The Wired Family: Screen Time and Tech Etiquette Strategies

The Wired Family: Screen Time and Tech Etiquette Strategies

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Tess Wilson
Apr 2, 2015

When I was a little kid, the only gadget was an Inspector and screen time wasn't really an issue because Pee-Wee's Playhouse was only on once a week. Now that we've got a slew of devices, we're figuring out our relationship to them as a family. Here are a few of our ever-evolving tactics and guiding principles:

Screen Time Negotiation: We're lucky in that the while the 8-year-old loves playing Hungry Shark, he doesn't ask for much screen time, so it's rarely an issue. Usually we address it in family terms, like "We're all exhausted from that hike, how about 15 minutes of screen time and then we'll go pick apples?", and all collapse happily together with our gadgets. The kid is often granted screen time when the adults need to work on something he can't help with, or when we've had intense painting-biking-building-cooking-canoeing-gardening days and he could use a little downtime. Movie-watching is family time and we all vote on what to watch, and a cozy Saturday morning episode of Phineas & Ferb while breakfast bakes is generally suggested by a certain 35-year-old. I'm most interested to hear how much screen time your kids get, what they're allowed to use it for, whether chores, etc. have to be completed first, and so on!

Screen Time Renegotiation: Sometimes at the end of X amount of minutes you're this close to evolving your shark, in which case it's totally appropriate to politely ask, "Can I have 2 more minutes?" or "Can I finish this level?" Once new terms are agreed upon, however, they must be adhered to.

No Devices At Meals: This one's easy. Sometimes, if it's just the adults, one of us might say, "How about a reading dinner?" and then we enjoy quality reading separately together time. Otherwise, it's quality family time, all the way. Exceptions apply for emergencies, like if someone needs to show everyone what a pangolin looks like.

Interrupt Respectfully: Just as if someone was reading a book, we do our best to interrupt each other's online reading gently: a nice, "Hey, daddy?..." and a pause for a response before launching into a complicated tale goes a long way. But also, real life always trumps digital life.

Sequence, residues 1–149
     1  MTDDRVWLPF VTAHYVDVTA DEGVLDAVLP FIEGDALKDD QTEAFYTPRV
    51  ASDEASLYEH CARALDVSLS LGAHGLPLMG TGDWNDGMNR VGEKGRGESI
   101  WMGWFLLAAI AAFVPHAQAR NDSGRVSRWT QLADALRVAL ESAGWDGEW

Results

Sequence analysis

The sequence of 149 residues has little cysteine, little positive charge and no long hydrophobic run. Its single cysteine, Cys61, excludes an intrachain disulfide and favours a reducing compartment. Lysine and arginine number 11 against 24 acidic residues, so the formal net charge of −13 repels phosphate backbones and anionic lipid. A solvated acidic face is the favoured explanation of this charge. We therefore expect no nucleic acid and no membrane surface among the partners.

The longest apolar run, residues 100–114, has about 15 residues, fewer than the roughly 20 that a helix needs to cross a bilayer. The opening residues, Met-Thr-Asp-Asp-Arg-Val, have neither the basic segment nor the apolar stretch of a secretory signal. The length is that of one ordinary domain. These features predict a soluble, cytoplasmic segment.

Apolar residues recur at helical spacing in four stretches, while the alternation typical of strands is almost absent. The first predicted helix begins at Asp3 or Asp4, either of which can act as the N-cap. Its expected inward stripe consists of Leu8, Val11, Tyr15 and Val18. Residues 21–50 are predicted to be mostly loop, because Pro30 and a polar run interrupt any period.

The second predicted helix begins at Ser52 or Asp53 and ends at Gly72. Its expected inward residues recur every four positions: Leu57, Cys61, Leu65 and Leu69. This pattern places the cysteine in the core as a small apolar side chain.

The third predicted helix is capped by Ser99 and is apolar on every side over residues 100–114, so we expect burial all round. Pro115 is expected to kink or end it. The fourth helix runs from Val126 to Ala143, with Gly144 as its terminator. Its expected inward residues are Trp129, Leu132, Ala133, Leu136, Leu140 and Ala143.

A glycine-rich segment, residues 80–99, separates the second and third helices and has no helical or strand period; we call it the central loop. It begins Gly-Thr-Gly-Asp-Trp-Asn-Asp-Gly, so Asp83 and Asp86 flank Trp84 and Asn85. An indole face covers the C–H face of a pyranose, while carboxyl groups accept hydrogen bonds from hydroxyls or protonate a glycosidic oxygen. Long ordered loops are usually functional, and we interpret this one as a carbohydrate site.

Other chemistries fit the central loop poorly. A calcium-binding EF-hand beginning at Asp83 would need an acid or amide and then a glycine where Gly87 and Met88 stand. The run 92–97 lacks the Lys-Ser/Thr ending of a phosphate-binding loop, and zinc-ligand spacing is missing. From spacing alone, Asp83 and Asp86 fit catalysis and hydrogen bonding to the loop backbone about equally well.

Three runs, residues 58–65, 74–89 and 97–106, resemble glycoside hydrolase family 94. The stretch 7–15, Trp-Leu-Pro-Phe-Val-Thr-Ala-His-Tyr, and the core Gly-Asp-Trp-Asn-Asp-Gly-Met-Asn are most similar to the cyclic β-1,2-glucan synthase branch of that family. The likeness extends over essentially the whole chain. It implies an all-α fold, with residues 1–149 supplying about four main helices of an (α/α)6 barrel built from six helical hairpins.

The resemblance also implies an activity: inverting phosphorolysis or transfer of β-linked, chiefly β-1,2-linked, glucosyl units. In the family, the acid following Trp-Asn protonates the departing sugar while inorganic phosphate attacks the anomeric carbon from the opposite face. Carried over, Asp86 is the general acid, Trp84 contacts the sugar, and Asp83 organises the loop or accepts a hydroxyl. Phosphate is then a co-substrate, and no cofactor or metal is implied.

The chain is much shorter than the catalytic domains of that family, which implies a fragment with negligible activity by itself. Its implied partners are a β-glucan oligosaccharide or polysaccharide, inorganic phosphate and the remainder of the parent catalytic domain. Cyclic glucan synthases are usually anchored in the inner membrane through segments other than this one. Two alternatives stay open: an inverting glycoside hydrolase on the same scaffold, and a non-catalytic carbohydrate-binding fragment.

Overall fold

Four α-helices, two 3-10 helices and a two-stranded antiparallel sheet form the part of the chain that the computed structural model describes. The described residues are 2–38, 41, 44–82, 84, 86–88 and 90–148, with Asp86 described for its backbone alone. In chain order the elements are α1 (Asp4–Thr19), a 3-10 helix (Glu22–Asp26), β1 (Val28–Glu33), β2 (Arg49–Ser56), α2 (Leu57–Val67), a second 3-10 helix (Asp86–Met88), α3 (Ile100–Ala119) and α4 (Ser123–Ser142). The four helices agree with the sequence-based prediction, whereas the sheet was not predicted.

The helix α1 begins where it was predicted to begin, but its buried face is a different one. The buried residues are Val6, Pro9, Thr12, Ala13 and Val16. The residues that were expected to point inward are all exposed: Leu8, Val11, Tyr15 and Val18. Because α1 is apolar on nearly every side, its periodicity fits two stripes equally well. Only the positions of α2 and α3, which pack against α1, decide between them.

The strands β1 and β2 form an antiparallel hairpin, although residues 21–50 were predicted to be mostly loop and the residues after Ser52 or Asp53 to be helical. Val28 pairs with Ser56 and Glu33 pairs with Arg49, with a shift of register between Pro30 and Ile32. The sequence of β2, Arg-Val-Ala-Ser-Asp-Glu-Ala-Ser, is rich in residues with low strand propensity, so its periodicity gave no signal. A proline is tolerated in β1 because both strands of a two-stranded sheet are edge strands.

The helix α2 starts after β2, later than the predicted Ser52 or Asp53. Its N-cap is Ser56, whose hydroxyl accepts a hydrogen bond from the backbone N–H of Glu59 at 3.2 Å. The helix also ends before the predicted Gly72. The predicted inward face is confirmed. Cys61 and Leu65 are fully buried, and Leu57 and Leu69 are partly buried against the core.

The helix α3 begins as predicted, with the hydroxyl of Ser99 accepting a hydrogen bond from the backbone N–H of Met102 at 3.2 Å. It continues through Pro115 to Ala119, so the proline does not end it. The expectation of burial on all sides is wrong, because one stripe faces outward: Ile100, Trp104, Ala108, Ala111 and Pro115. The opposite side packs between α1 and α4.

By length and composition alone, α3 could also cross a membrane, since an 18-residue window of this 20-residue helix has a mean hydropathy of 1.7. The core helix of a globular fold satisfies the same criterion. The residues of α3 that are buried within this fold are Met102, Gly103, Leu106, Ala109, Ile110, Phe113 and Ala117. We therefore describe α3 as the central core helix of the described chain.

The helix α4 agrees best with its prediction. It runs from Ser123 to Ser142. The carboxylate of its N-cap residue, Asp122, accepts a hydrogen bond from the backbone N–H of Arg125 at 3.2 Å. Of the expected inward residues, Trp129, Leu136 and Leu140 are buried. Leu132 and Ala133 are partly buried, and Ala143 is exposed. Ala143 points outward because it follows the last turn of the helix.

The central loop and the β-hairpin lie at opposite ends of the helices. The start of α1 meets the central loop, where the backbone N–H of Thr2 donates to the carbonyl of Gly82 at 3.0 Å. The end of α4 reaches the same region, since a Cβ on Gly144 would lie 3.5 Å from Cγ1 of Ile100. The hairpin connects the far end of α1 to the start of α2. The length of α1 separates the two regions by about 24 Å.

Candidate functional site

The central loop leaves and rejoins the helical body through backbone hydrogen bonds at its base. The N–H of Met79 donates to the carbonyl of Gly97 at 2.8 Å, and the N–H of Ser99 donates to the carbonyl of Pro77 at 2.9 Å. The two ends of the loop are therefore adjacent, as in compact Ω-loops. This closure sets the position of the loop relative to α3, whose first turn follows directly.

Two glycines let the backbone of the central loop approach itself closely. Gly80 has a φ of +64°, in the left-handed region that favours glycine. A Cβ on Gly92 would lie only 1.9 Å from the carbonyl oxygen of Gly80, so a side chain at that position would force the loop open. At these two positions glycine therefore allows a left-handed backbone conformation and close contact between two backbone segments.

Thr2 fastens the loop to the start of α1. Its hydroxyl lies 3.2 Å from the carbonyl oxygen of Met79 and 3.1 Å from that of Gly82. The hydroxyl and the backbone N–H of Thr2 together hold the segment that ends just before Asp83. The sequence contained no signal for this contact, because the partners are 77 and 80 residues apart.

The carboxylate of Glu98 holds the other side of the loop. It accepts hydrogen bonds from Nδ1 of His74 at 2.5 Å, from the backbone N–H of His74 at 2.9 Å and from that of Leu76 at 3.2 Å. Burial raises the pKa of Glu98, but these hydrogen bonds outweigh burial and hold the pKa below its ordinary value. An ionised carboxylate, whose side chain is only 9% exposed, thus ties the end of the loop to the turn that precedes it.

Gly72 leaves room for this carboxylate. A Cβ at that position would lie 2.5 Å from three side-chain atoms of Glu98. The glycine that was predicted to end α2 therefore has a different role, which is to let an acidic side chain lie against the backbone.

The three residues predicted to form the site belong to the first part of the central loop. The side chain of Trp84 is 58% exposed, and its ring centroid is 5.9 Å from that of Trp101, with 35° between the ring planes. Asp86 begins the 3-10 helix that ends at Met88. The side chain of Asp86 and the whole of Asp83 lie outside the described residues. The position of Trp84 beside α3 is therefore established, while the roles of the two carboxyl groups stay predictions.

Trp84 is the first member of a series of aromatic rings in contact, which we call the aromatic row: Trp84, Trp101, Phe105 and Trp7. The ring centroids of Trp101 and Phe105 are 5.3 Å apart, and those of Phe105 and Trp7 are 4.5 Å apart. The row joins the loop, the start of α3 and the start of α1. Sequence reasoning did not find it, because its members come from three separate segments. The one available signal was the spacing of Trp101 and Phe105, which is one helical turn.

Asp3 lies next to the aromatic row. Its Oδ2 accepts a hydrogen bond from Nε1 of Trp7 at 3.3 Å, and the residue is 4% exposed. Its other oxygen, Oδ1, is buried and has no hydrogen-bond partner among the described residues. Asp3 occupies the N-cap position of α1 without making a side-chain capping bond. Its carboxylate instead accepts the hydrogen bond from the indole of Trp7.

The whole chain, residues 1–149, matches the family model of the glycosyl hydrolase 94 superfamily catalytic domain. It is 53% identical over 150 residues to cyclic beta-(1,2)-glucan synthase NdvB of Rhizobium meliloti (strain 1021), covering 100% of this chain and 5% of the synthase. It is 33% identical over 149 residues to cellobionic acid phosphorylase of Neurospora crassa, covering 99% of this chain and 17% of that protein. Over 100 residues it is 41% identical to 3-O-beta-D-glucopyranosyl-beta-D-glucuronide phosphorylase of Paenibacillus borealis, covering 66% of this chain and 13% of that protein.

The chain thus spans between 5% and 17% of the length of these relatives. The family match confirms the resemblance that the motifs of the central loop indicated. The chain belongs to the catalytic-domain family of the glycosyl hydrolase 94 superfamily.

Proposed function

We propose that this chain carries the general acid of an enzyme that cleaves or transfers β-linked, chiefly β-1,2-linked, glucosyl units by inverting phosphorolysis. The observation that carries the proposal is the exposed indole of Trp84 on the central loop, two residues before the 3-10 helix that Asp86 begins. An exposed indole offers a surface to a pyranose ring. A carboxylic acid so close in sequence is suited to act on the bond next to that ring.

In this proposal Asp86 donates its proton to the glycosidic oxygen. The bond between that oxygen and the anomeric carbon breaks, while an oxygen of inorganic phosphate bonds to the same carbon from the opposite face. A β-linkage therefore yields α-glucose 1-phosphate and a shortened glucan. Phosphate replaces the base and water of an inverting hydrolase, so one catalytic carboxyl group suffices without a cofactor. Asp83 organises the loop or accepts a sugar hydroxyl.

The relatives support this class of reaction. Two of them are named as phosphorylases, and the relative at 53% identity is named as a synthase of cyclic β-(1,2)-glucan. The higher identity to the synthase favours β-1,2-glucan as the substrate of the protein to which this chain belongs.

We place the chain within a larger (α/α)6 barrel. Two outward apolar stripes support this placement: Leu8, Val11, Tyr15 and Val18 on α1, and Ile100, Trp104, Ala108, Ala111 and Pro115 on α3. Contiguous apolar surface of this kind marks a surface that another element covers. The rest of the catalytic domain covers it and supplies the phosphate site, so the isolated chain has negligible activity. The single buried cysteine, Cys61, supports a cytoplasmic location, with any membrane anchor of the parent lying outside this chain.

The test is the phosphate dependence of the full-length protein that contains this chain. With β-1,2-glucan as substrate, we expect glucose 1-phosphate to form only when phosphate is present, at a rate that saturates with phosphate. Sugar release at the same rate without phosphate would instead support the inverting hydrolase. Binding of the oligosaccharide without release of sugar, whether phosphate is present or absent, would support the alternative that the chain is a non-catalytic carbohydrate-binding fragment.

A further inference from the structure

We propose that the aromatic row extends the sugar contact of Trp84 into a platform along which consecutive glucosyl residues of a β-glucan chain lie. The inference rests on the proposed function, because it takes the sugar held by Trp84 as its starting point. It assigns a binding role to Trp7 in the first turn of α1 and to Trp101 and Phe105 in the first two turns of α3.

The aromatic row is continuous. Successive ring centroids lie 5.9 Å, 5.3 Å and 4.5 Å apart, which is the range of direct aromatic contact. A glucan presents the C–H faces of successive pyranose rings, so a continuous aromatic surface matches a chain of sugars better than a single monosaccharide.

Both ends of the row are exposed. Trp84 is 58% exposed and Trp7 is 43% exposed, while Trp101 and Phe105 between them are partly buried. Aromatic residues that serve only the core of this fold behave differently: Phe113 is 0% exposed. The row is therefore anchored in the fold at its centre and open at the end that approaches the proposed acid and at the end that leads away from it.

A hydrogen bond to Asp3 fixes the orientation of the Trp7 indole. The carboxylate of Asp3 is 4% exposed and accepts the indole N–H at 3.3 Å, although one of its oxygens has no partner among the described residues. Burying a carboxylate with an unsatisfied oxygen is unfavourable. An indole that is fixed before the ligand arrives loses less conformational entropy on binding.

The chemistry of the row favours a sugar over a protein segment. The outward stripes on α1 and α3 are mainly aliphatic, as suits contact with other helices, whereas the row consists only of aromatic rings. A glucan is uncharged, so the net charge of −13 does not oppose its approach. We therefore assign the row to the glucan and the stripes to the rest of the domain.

Eye Contact: In the words of the ever-wise Ron Swanson, "When you do get your phone back, you will not stare at it when talking with another human being. Look a man in the eye when you speak with him." Call me stubborn but once I've respectfully gotten someone's attention and gotten a response (see above), I (respectfully) refuse to continue speaking until they've pulled their eyes away from their device. Same applies if they look at their device after I've started speaking. I WILL WAIT. Exceptions apply, of course, for example if someone is scrolling through photos to find the one that they're talking about— and has explained that's what they're doing.

Ask Permission to Use Someone's Device: We've discussed this one a lot lately, especially in regards to the fact that it's not simply a "don't touch my stuff" issue. We've explained that it's important to respect each other's privacy, and that phones and computers are often full of private personal and professional texts/emails, surprise party plans, and present-purchases. Since the adults in the household use their devices for work, we've also explained how important it is that they're treated gently and that they're full of crucial information. It's my job to save my work frequently and bookmark hard-found tabs I have open, but if someone uses my laptop I need to know first so I can protect and save anything important.

Treat Each Other's Devices Gently: Things break—especially fragile, expensive things made of thin glass and delicate circuits. If someone broke my phone during normal use I would be sad but understanding, but if someone broke my phone, Calvin-style— "Well, I was tossing them at myself at the time, as I ran down the sidewalk"— I would be super upset. We do our best to handle each other's gadgets gently and conscientiously, away from puddles and melted chocolate.

Sit Up Straight!: This one isn't really a rule, but every once in a while I exclaim "Sit up straight!" at the 8-year-old (or to myself, silently) when he's slowly curled over his device. Early childhood scoliosis, 15 years of ballet lessons, and a grandma with crippling osteoporosis have made me hyper-aware of the importance of good posture, and the pain of bad posture.

Safe Search ON: Again, this isn't so much a rule as my own policy. I have Safe Search activated on my laptop and phone, and it just makes life easier. If the 8-year-old needs to research baby beavers, I want him to be able to do so without having to leap in front of the screen screaming, "NOOOOoooooooo".

How much screen time do your kids get each day, and what are they allowed to use it for? What aspects of tech-etiquette work well for your household, and which are a constant struggle?

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